The value of thinning forests adds up to as much as $5,000 per acre if you take into account the benefits of preventing devastating wildfires, reducing carbon emissions that spur global warming and other non-market values, concluded a team of Northern Arizona University researchers.
The researchers from NAU have played a key role in developing support for the Four Forest Restoration Initiative (4FRI) by attempting to quantify the value of using a revitalized timber industry to thin millions of acres of tree-choked, fire-prone forests.
They presented their latest estimates of the value of thinning forests at the recent Conference of Research on the Colorado Plateau in Flagstaff.
Researchers included economist Ching-Hsun Huang, Alex Finkral, Christopher Sorensen and Thomas Kolb, all in the school of forestry.
The conference included a number of other studies documenting the value and complexity of forest restoration projects through a combination of thinning and controlled burns. Reducing tree average densities from perhaps 800 per acre to more like 50 per acre will involve decades of effort and repeated treatments, the studies concluded.
The U.S. Forest Service recently settled on a contractor to thin the first 300,000 acres of ponderosa pine forests. Good Earth hopes to convert the mass of small trees into fuel and finger-jointed furniture. But the NAU estimates suggest the value of the timber removed represents only a fraction of the value to society of the thinning effort. “Our goal was to move towards full economic valuation of fuels-reduction treatments applied to ponderosa pine forests,” the researchers wrote in the abstract of the study.
For starters, they calculated the economic value of the thinning projects based on the amount of carbon locked up in the trees and then removed from the forest through thinning projects. They tried to take into account the extra carbon put into the atmosphere by the thinning projects and production of wood products, which they balanced against the amount that would be released if the thick forest eventually burned or simply died and rotted.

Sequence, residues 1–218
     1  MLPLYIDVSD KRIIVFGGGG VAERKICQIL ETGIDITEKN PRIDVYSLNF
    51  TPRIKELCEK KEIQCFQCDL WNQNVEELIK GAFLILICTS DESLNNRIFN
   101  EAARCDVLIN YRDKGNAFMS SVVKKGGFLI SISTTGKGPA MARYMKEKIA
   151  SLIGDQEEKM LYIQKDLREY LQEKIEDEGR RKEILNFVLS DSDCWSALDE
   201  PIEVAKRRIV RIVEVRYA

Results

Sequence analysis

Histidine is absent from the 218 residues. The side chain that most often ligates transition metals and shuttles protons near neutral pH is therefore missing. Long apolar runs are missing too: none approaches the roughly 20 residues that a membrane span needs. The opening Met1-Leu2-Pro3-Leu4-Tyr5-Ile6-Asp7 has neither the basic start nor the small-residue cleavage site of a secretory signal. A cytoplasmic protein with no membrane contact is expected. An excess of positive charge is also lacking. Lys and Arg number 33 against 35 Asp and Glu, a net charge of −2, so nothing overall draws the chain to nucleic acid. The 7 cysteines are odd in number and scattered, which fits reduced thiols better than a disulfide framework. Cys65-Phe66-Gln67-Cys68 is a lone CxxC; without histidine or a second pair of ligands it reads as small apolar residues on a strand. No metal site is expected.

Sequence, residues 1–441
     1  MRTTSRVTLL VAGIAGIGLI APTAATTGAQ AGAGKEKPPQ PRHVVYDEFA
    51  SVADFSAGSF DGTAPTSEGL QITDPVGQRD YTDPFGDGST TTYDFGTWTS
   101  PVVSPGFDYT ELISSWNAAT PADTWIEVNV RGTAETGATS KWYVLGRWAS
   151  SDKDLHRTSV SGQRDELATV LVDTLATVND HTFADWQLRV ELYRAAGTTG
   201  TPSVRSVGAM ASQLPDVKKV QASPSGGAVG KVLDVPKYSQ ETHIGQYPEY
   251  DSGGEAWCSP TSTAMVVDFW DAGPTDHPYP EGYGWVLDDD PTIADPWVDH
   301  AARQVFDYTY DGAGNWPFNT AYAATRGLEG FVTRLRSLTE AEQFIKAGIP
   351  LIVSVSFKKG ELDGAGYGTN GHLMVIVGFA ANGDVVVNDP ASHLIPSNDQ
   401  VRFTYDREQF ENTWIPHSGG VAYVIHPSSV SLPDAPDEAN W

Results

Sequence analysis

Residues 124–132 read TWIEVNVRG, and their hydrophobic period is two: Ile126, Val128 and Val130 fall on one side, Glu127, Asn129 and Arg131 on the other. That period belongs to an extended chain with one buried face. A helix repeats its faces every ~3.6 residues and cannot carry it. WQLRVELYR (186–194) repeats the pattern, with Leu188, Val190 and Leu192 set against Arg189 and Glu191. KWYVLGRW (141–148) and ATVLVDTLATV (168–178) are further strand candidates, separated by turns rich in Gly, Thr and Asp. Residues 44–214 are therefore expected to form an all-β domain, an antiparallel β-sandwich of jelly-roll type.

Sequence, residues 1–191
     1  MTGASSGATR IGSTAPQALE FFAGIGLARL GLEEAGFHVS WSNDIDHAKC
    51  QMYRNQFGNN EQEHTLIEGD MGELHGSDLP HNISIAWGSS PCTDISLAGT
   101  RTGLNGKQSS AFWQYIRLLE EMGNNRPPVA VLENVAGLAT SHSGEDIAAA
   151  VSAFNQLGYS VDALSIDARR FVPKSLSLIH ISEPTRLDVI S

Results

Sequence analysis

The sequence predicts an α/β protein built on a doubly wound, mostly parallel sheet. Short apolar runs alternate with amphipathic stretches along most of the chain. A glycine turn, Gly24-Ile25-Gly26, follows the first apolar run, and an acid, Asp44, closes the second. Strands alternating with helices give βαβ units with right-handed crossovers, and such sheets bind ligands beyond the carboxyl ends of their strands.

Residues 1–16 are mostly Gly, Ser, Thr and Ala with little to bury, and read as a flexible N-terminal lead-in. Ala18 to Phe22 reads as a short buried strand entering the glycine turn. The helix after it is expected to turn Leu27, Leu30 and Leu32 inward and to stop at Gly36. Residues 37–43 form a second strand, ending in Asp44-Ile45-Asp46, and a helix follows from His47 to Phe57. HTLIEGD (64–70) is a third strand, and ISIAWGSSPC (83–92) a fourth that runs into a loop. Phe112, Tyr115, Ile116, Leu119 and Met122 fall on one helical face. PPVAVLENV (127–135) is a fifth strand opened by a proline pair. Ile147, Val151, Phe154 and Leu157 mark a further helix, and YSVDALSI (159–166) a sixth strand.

They also made a rough estimate of the value of the wood harvested. They assumed the small diameter trees would produce pallets, paper and construction materials. Good Earth, hopes to produce higher value products from the small trees and brush, so the study estimate could prove conservative.
The researchers also included estimates of the damage inflicted by an uncontrolled wildfire.
Densely packed forests burn very differently from thinned forests or controlled burns. The megafires that have plagued Arizona in the past decade start in the hottest time of the year and often become crown fires affecting hundreds of thousands of acres. Such fires not only consume almost all of the trees in their path, they sterilize the soil and leave it much less able to absorb water — leading to floods and often-permanent changes in the forest. By contrast, periodic, low-intensity fires can actually improve forest health.